Saudi Arabia, UK agree on need to stabilize oil market
Saudi Arabia’s Minister of Petroleum and Mineral Resources Ali I. Al-Naimi and the United Kingdom’s Energy and Climate Change Sec. Chris Huhne took aim at speculation in oil markets during a meeting in Riyadh.
OGJ Oil Diplomacy Editor
LOS ANGELES, Apr. 6 -- Saudi Arabia’s Minister of Petroleum and Mineral Resources Ali I. Al-Naimi and the United Kingdom’s Energy and Climate Change Sec. Chris Huhne took aim at speculation in oil markets during a meeting in Riyadh.
The official Saudi Press Agency (SPA) reported that cooperation between consuming and exporting countries is important “to stabilize the market, avoid extreme price fluctuations, and decrease the volume of misinformation and exaggerated expectations,” all of which harm petroleum markets.
“Al-Naimi and myself shared common views that there is no shortage of supply and hence there is no reason behind the soaring oil prices, which hover around $115-120/bbl today,” said Huhne following his meeting with Al-Naimi.
Huhne said Al-Naimi is “very committed on providing stability to the oil market.” He said, “To have a very volatile oil market impacts growth. There is a very strong common interest between Saudi Arabia and consumers.”
The meeting between Al-Naimi and Huhne came as Brent crude prices on Apr. 5 fell slightly below a record high of $121/bbl that was reached on Apr. 4—still below the nominal high of $147/bbl in June 2008.
But the 17% fall of sterling against the dollar over the past 2 years has raised the sterling price to £74.60/bbl, which is actually higher than the record set in 2008.
The effects are evident in the UK where wholesale prices have gone up significantly since the start of the year and also since the price rises last autumn, according to an executive at one of Britain’s big six utilities.
“UK wholesale gas prices are up about 25% since January and about 30% since the last round of price rises in November. The trend is pretty clear,” the executive said.
Crude prices have soared above $100/bbl since the beginning of the year as civil unrest has toppled governments across the oil-producing countries of the Middle East and North Africa.
During that time, Saudi Arabia has repeatedly increased production to make up for the loss of supplies from Libya. But those efforts have not been enough to stem the rising price of oil.
Traders are more concerned about the possible loss of supplies from Saudi Arabia itself, which faces a degree of unrest especially from members of the Shi’ite community in the kingdom’s eastern region.
Fears of rocketing oil prices were stoked when former Saudi oil minister Sheikh Yamani told a conference Apr. 5 that serious unrest in his homeland could push oil prices as high as $300/bbl.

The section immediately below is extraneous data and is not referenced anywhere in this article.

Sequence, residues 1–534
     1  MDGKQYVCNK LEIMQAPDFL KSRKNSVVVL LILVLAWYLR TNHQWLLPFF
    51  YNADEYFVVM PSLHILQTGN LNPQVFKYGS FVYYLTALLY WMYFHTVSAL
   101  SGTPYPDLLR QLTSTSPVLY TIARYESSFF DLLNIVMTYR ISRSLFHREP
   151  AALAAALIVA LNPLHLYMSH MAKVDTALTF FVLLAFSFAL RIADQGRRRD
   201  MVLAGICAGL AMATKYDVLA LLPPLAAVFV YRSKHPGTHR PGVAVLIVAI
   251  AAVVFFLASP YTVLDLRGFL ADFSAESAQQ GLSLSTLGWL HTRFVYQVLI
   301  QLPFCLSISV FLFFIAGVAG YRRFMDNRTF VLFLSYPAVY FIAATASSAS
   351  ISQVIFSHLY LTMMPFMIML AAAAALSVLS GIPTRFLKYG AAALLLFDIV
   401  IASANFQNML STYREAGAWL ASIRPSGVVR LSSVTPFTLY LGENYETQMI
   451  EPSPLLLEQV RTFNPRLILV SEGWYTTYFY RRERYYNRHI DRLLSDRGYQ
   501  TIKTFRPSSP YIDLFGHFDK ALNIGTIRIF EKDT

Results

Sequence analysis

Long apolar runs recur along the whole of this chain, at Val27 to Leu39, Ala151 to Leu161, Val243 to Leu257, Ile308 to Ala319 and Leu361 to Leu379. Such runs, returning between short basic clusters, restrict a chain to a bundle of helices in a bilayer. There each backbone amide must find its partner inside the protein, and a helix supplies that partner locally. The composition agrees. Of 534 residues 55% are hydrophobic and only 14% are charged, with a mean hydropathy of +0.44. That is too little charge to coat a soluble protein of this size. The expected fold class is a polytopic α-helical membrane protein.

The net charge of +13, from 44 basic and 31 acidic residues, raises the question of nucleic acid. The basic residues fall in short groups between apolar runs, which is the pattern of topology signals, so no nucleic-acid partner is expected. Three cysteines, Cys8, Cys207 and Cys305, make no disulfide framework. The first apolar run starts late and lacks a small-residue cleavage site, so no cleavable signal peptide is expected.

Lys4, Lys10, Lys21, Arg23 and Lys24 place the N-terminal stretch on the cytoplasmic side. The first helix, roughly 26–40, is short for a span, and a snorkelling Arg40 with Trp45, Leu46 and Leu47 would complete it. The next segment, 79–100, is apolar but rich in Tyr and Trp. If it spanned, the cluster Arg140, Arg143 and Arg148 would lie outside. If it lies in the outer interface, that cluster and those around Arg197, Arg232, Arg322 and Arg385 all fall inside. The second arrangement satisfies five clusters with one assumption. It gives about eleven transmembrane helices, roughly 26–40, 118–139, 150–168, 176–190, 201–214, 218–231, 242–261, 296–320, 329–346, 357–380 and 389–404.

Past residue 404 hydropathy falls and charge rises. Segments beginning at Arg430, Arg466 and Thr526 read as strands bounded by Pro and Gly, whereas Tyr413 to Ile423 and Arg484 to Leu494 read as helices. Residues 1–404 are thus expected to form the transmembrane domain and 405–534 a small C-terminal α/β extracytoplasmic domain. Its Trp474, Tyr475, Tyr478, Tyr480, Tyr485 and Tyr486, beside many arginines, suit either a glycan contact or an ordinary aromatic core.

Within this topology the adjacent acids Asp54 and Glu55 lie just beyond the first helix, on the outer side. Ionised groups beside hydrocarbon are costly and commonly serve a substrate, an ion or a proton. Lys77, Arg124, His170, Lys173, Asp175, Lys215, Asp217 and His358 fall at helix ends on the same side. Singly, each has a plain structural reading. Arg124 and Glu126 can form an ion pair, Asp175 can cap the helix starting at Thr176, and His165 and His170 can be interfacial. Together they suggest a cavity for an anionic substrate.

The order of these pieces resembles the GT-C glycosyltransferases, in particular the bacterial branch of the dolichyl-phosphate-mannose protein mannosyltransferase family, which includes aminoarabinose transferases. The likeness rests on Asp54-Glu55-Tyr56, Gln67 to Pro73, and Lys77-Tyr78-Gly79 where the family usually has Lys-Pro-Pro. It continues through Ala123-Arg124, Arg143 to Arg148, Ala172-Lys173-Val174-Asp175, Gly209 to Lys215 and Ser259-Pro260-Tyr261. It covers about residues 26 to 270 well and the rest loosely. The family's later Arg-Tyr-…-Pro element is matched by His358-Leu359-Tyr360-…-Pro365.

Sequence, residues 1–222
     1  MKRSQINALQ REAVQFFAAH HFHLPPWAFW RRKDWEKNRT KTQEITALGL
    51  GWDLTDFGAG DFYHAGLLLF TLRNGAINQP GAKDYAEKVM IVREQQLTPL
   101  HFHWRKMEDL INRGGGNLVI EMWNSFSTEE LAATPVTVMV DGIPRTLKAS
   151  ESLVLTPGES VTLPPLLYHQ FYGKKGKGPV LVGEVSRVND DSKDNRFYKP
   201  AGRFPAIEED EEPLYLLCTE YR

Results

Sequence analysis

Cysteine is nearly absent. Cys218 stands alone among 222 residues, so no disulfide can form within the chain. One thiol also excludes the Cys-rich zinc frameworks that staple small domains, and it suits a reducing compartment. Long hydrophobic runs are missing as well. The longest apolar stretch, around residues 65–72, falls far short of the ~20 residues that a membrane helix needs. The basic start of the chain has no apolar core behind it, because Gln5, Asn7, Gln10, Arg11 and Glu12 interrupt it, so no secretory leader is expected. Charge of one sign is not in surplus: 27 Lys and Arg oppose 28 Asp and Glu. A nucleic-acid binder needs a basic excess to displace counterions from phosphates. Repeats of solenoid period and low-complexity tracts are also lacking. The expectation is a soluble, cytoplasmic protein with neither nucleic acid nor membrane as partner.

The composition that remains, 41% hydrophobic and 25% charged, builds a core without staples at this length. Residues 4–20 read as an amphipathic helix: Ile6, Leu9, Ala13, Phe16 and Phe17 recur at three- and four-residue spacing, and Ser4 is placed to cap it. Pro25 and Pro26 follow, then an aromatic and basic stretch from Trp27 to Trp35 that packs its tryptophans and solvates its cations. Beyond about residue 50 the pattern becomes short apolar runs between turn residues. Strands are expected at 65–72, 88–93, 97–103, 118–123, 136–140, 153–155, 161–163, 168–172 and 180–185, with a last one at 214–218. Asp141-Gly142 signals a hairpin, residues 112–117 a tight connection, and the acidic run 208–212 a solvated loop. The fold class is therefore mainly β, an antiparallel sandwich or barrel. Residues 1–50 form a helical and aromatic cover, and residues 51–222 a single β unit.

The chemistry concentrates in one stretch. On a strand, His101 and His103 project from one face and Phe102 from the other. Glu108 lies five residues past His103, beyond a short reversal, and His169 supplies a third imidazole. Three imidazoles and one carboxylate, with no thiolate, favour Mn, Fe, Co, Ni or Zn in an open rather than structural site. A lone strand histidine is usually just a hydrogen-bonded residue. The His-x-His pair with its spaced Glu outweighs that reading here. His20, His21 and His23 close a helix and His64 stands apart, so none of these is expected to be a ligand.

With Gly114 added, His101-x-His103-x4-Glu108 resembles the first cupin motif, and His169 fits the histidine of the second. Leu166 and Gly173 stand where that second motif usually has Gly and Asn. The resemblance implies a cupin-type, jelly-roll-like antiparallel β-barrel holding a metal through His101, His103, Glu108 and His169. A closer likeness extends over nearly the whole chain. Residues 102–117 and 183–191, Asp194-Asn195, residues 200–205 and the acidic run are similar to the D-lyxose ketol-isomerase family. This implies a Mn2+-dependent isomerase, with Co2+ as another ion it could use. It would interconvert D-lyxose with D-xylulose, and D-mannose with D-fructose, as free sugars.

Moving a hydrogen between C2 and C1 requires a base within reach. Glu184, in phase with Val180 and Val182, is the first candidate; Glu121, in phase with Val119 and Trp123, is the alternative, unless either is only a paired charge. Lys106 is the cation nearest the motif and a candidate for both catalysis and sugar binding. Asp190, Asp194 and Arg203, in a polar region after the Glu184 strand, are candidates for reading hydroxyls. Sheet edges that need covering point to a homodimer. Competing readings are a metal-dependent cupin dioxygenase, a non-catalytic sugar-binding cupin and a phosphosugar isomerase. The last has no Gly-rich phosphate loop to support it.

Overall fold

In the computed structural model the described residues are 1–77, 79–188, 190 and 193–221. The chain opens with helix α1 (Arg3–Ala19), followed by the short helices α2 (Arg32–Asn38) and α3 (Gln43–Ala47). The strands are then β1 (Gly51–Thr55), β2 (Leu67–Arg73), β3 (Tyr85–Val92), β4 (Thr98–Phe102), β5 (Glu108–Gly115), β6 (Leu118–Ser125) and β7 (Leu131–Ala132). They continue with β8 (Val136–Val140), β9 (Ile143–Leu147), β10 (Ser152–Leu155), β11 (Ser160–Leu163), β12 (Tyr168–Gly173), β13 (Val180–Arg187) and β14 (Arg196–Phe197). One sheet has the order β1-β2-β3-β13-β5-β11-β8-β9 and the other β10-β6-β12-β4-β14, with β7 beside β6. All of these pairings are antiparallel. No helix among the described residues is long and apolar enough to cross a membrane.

“If something happens in Saudi Arabia it will go to $200-300[/bbl]. I don't expect this for the time being, but who would have expected Tunisia?” said Yamani at a conference at the London-based Center for Global Energy Studies (OGJ Online, Apr. 5, 2011).
Even efforts by Saudi Arabia’s King Abdullah, who recently boosted domestic spending, have not been sufficient to allay the concerns of traders. In fact, traders see the King’s efforts as a sign of even greater problems.
King Abdullah announced $93 billion in social handouts in March, the second benefits package to be unveiled within a month, as part of his government's efforts to stave off the kind of unrest that has gripped neighboring Bahrain, Yemen, and Oman.
“The king’s largesse tells you the risk is not nil. It is not 0.1%. The king’s largesse tells you the risk is real—probably around 5%,” a senior executive at one of the world’s largest oil trading houses told the Financial Times earlier this week.
The US government, signaling its own concerns, sent US Sec. of Defense Robert Gates to Saudi Arabia Apr. 6 to discuss unrest sweeping the region with the Saudi king.
"We are going to continue to make sure that our partners understand we're not abandoning them,” said a senior defense official travelling with Gates. "It's important for us to work closely and to share views with our partners in the region, so we're looking for the king's perspective."
Meanwhile, Prince Khaled bin Sultan, Saudi Arabia’s assistant minister of defense and aviation, urged his country’s armed forces to prepare for all eventualities against the backdrop of developments in the region.
“Saudi Arabia is not like other countries,” he said. “It’s home to the two holy mosques and is abundant with natural resources that ensure world economic security.”
Contact Eric Watkins at firstname.lastname@example.org.